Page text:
Musical Puke

Singer-songwriter looks at the world around him and wnats to throw up.

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Boston’s Ezra Furman & the Harpoons mark their first anniversary with a summer tour that stops at Wilbert’s tonight. The 20-year-old frontman says it all started when his parents gave him a guitar as a bar mitzvah gift seven years ago. He taught himself a few chords so he could play along with his favorite Green Day, Clash, and Ramones CDs. But Furman credits his mom’s worn copy of Bob Dylan’s Blonde on Blonde for shaping the bulk of his songwriting. “It blew my mind,” he says. “It’s got nuance. There’s personality in each of the notes.”

Carrying a suitcase stuffed with original tunes about teenage angst, Furman left his native Chicago three years ago to major in English at Boston’s Tufts University. He took along copies of short stories by Jack Kerouac and Flannery O’Connor for inspiration. Last year, he and three dorm-mates played their first gig at a Boston club -- where Furman unleashed a fresh set of Dylan-inspired tunes that offer blistering critiques of an unstable world. They form the core of the band’s debut album, Banging Down the Doors. “I ran away from home in a metaphorical kind of way,” he says. “I realized how sick and fucked-up things were. I guess I’m protesting a jadedness and a hardness in people. There’s too much ugliness, and it makes me nauseous. The songs are the vomit.”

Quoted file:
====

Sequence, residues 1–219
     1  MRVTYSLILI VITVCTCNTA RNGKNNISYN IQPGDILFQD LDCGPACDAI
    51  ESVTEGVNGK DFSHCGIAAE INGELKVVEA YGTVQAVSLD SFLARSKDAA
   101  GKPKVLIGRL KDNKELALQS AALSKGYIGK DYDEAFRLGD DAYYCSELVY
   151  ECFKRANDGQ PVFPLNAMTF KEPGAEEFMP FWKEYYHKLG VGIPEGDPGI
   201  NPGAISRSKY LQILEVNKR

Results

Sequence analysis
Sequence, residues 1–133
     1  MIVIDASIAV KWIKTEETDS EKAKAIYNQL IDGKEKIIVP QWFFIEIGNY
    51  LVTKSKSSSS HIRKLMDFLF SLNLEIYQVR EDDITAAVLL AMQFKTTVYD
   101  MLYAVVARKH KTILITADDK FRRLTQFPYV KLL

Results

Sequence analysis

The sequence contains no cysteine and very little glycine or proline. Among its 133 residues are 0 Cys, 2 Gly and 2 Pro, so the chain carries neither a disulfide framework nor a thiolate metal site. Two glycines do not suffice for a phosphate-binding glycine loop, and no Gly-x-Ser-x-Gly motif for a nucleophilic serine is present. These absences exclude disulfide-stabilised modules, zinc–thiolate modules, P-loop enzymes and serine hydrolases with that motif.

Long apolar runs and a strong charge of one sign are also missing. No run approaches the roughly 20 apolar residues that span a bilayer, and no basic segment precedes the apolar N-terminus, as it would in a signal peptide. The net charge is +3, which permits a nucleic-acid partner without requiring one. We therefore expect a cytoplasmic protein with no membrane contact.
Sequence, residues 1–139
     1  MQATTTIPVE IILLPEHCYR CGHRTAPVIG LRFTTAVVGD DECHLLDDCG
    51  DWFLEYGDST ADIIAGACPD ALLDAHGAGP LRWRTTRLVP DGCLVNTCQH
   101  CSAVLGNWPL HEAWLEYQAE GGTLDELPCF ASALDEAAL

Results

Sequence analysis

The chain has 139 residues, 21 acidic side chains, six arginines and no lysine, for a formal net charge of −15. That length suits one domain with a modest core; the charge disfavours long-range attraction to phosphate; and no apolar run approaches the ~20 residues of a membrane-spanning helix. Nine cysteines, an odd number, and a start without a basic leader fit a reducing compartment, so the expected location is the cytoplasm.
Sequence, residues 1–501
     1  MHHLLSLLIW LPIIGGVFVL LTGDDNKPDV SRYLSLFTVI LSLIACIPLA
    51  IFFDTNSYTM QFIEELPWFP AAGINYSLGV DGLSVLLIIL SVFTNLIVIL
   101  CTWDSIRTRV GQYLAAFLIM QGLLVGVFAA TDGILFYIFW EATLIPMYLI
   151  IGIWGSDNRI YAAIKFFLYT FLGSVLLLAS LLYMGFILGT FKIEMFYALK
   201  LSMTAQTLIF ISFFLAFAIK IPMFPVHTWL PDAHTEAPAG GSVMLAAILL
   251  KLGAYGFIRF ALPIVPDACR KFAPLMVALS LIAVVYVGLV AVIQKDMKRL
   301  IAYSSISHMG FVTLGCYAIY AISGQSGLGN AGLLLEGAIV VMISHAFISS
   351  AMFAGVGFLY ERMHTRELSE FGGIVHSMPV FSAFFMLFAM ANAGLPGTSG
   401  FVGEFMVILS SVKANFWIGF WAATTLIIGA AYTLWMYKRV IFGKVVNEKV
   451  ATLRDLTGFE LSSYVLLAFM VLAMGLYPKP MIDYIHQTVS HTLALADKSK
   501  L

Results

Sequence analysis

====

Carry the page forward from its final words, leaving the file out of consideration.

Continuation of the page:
Fri., July 13, 9:30 p.m.

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